Judge, Jury, and Executioner
President Obama, that is.
I seem unable to let go of Jo Becker and Scott Shane’s piece in the NYT last week on Obama’s drone policies and now famous kill list. I’ve already written about it twice, here and here. I return to it today to draw your attention to Francine Prose’s insightful post at The New York Review’s blog. (Yes, Francine Prose, famous novelist.)
Prose begins by explaining what draws her to the subject:
After reading the article that appeared under the headline “Secret ‘Kill List’ Proves a Test of Obama’s Principles and Will” in the May 29 New York Times, I couldn’t talk about much else. I found myself wanting to analyze it, as one might dissect a literary text, to better understand how it produced its effect on the reader: in my case, shock and awe, tempered by consolatory flickers of disbelief. Like literature, the story resists summarization, partly because the Times reporters, Jo Becker and Scott Shane, employ detail, word choice, diction, and tone to direct and influence the reader’s response without, on the surface, appearing to do so—and to make a familiar narrative seem new.
She then proceeds with the analysis, which I urge you to read. I won’t say more about it. I will only quote the ending, which so aptly captures how President Obama has followed in Bush’s footsteps by trampling on the US as a nation governed by the rule of law. Before quoting Prose, let me mention how astonishing it is that our secretary of state routinely lectures other nations on their need to live under the rule of law.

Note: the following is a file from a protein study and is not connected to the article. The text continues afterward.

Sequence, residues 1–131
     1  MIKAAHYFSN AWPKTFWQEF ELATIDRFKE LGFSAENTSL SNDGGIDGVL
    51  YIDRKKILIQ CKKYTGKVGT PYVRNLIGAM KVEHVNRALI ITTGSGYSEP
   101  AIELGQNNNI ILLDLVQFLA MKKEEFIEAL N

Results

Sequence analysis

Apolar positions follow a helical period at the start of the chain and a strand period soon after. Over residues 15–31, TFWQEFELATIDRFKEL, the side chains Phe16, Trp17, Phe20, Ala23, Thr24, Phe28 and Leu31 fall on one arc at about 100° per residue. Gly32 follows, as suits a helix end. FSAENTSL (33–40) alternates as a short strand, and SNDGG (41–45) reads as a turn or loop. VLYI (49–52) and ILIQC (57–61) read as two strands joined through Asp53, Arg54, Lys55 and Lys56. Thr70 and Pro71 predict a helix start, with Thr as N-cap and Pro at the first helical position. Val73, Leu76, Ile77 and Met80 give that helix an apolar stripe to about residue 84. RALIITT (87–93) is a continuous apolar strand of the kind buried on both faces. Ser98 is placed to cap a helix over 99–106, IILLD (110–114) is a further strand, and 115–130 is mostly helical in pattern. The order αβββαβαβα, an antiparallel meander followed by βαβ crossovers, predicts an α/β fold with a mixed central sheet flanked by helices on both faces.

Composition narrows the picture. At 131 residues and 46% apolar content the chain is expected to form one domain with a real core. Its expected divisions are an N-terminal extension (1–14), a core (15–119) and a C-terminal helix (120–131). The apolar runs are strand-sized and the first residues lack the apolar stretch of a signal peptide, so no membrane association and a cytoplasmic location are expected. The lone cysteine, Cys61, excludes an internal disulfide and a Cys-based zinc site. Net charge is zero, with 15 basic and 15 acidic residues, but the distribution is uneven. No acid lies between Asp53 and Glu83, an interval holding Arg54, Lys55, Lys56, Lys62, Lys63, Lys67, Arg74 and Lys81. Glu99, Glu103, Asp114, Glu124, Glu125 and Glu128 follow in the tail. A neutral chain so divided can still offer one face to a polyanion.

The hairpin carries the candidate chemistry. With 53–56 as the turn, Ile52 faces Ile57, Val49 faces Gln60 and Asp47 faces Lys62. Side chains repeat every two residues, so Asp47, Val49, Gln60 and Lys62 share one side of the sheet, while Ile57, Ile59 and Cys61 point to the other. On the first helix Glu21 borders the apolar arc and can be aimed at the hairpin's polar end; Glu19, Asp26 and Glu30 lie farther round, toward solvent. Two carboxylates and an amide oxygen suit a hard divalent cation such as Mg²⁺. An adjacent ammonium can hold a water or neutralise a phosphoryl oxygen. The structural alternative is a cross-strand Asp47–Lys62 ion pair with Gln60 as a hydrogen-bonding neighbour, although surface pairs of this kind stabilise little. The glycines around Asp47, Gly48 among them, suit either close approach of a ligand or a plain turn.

Let’s see. I’ve just done a google search on “Hillary Clinton rule of law”. Here are the first four hits:
Thank God for our State Department. Maybe Hillary can have a chat with Barack. Speaking of whom, here is Prose’s conclusion (emphasis added by me):
By the article’s final section, its authors have amassed enough evidence to support a condemnation of the policies they have described. “(Obama’s) focus on strikes has made it impossible to forge, for now, the new relationship with the Muslim world that he had envisioned. Both Pakistan and Yemen are arguably less stable and more hostile to the United States than when Mr. Obama became president. Justly or not, drones have become a provocative symbol of American power, running roughshod over national sovereignty and killing innocents.”
Aside from the reference to the deaths of innocents, this is primarily a political rather than a moral critique. For that, we need to examine the article’s final line, which continues to resonate after we have set aside our papers. Presumably, pages of transcripts must have been sifted through in order to find (and end with) the following quote from Michael Leiter, former Director of the National Counterterrorism Center.
“You can pass a lot of laws,” Mr. Leiter said, “These laws are not going to get Bin Laden dead.”
Get Bin Laden dead? With its execrable grammar, its calculated thuggishness, and, for all that we have been reading about the assumption of personal responsibility, its euphemistic avoidance of what is really at issue (to get dead is not the same as to kill, and it’s never laws but people who get other people dead), the quote suggests a new dispensation in which our government, at the highest level, has given Tony Soprano license to ignore the rule of law and murder actual human beings, some of them harmless civilians. Shouldn’t we feel more frightened than reassured by the knowledge that the leader of our country holds himself accountable for every one of these deaths?